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The Origin of Celebration of Mardi Gras Around the World

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Mardi Gras, also known as Lundi Gras, which means Fat Tuesday, is a French holiday that is celebrated once every year, on the Christian calendar It starts on January 6, also known as the twelfth Knight, the feast of the epiphany, and it ends on Mardi Gras, the day of Ash Wednesday, which is celebrated by the people of Louisiana. Ash Wednesday marks the beginning if Lent. On Ash Wednesday, Christians focus on repentance and prayer. The event of Mardi Gras last for a few weeks. The term Lundi Gras originated in 1987, in a musical called the “Staggerlee”, which was written by Vernel Bagneris. In the play one of the characters refer to day as Lundi Gras. A member of the city’s Mardi Gras committee seen the Staggerlee, liked the phrase so much that person bought it up at the subcommittee meeting. The member felt that they needed a new attraction on the evening before Mardi Gras. An attractive early event on the day before Mardi Gras could help draw more attention to the Mississippi riverfront and the urban carnival; and also to help Proteus change its route to include a loop down Poydras Street to the river so that event would go more smoothly. The committee liked the term. Later on term stuck and became popular. The tradition of Mardi Gras first originated in Paris, France since the middle ages. It came to North America when the French explorer, Pierre Le Moyne d’ Iberville and his men came to explore the Mississippi River from the Gulf of Mexico. They arrive at New Orleans and set up campground on the rivers west bank and they christened the site Point du Mardi Gras on March 3, 1699. In 1718, he founded New Orleans and ever since then the people regularly practiced this holiday. The Mardi Gras celebration typically last for few weeks. The holiday of Mardi Gras consists of opulent parades, ceremonial balls, feasting on rich food, and fancy costumes. In this essay, I will discuss the history and the many aspects, that makes up Mardi Gras.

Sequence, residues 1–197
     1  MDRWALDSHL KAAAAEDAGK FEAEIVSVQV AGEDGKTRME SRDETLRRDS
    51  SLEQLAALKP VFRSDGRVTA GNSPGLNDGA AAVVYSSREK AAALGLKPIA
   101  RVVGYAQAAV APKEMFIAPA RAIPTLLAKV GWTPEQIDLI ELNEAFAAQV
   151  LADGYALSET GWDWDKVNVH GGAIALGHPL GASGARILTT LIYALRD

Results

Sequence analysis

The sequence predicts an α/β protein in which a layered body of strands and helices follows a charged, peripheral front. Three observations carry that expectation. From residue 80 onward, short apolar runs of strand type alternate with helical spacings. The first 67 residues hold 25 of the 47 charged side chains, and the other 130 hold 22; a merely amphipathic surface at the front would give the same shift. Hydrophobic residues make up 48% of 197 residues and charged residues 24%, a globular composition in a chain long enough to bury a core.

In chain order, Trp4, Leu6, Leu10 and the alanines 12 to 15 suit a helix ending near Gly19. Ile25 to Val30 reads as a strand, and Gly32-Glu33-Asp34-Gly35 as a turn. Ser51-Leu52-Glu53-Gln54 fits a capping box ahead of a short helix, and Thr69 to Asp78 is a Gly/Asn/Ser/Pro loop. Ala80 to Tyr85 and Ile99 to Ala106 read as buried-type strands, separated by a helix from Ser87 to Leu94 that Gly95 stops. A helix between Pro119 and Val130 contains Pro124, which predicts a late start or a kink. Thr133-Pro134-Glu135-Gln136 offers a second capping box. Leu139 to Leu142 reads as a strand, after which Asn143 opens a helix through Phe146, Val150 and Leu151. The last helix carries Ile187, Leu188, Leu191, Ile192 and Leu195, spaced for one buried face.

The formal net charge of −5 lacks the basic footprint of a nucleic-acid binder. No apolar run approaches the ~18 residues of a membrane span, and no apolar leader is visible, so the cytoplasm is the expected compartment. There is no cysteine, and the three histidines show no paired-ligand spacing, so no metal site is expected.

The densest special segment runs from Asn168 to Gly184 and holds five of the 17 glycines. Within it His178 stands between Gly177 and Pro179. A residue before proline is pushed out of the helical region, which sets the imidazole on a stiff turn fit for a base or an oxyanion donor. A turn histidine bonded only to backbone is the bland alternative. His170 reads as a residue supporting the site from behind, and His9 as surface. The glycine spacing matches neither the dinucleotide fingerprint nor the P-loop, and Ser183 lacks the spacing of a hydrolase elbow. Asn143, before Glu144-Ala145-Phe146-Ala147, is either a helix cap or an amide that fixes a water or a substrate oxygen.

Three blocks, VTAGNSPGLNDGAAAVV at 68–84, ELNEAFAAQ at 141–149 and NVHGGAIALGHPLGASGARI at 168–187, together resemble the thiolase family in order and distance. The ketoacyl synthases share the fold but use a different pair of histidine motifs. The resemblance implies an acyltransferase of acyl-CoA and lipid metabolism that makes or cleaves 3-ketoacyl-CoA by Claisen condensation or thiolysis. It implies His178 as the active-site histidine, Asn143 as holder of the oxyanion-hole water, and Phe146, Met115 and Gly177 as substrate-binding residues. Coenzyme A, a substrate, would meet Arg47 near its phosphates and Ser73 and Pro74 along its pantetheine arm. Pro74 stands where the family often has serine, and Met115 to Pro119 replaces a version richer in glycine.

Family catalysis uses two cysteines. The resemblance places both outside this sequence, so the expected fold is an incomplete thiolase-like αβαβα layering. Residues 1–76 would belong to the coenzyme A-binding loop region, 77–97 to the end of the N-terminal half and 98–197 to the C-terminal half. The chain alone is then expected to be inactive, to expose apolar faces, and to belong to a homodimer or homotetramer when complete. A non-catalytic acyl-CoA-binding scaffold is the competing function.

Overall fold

Mardi Gras actually started before the French. Some people associate the origins of Mardi Gras to Rome, where they held tribal rituals of fertility to kick off the start of spring. They celebrated the season with Saturnalia, which is similar to Halloween. The Romans held a circus like party called the Lupercalia in mid-February. Instead of stopping these pagan customs, the early church decided to add Christian undertones to the event. Making Mardi Gras, a prelude to penance, (asking for forgiveness) season of lent.

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What is the twelfth Night? In England, they celebrated the twelfth night as a holiday during this event they would party with some of their food collected during the growing season. Peasants would dress as royals and the royals would dress like peasants. At this event, some places would burn a straw dummy probably descended from the lord of misrule is burned as the event ends, as misrule lasts until the stroke of midnight every twelfth night. The Lord of misrule was a symbol of the world turned upside down. In England under the Tudor Reign celebrated Allhallows Eve through Christmas and until the Twelfth Night during the dark months. Christians declared the twelfth day of Christmas to be the feast of the feast of the Epiphany. The Feast of the Epiphany is the day that the new born Christ was acknowledged as god.

Krewes are organizations that host parades and balls. All of these Krewes were made by wealthy men. Some Krewes are private some are not. There are several different Krewes that influenced Mardi Gras into the holiday that we all know of today. Now, I’m about to provide a description of these krewes. A group of men founded the Twelfth Night Revelers organization on January 6 1870, added different customs to Mardi Gras that made it well known and celebrated in today’s times. They introduced the pagan practice of serving a cake that maids would draw beans attached to ribbons; and the one who got the gold bean would be queen. This cake was how the modern king cake became a major fixture in Mardi Gras. Another tradition the Twelfth Night Revelers started was the Tableau ball. These men made the Twelfth Night a holiday of great importance to New Orleans.